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From The CriticsReviewer: Loretta L. White , DNS (Indiana State University)
Description: This general overview of human anatomy and physiology includes all body systems. It covers physiology that relates to the organism as a whole as well as a discussion of related topics including growth and development, genetics and heredity. Special emphasis is placed on understanding integration and unification of body structure and function. The previous edition was published in 2003.
Purpose: According to the authors, the purpose is to provide accurate and timely information so that the reader can easily assimilate the most important and useful information from what is admittedly an enormous field. Any book that succeeds in this endeavor is indeed welcomed by both students and teachers. There is ample evidence that this book meets it objectives.
Audience: This book is written for students engaged in any discipline that requires the learner to have a foundational understanding of human anatomy and physiology. Both authors have taught this subject for many years and have written several editions of this text as well as others.
Features: In addition to body systems and related topics, this book offers a multitude of additional features designed to assist the learner in the study of anatomy and physiology. Each chapter includes introductory outlines, brief but pertinent vocabulary lists, important related pathophysiology, review questions, and case studies. Of particular note are the "Big Picture" boxes throughout the book. These brief discussions of how body systems' structure and function work together provide the foundation that the authors build on to fulfill the goal of helping students more easily learn anatomy and physiology.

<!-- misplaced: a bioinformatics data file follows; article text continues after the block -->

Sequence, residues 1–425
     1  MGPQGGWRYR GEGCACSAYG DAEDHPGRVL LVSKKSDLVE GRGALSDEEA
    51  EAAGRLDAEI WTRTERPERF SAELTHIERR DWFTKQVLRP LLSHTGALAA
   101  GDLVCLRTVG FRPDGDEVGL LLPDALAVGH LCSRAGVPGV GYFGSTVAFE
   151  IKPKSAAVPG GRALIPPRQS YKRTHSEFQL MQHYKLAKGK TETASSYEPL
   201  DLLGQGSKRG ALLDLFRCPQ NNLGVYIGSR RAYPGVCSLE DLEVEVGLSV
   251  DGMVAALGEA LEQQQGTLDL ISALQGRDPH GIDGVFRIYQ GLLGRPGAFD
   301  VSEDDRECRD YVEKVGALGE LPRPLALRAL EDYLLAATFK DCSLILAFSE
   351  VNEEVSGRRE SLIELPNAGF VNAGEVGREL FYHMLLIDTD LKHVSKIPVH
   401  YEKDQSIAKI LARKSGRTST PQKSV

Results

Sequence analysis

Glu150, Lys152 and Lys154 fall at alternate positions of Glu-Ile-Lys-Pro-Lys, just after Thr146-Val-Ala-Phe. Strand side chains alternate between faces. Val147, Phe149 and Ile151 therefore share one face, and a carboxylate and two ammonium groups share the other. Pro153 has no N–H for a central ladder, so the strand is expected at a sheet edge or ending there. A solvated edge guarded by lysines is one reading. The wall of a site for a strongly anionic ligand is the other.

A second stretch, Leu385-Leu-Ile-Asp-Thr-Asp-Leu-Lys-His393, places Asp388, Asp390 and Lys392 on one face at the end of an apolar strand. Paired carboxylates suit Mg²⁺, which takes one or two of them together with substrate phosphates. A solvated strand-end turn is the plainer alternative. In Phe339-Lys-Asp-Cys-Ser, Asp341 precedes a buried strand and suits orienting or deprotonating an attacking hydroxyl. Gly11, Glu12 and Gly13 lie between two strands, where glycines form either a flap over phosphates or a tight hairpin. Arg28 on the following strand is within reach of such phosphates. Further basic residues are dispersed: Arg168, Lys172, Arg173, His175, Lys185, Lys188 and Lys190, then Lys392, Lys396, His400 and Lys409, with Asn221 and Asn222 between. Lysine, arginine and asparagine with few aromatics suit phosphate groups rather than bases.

Assessment: While this is a beautifully illustrated, comprehensive textbook of basic anatomy and physiology, I would not choose it for a one semester foundational anatomy and physiology course due to its extensive content. However, it would work very well for a course that was spread over two semesters. Having said that, I believe the trend among authors of anatomy and physiology texts to branch out from the subject matter to include bits and pieces of pathophysiology, medical terminology, nursing, and medicine is unnecessary. The space devoted to this content could better be used to further enhance an understanding of anatomy and physiology. Anatomy and physiology is inherently interesting in and of itself and deserves to stand alone in the curriculum. Those of us who teach these other subjects appropriately and necessarily integrate anatomy and physiology concepts into our lectures along with concepts from other disciplines. I don't believe it should be the other way around.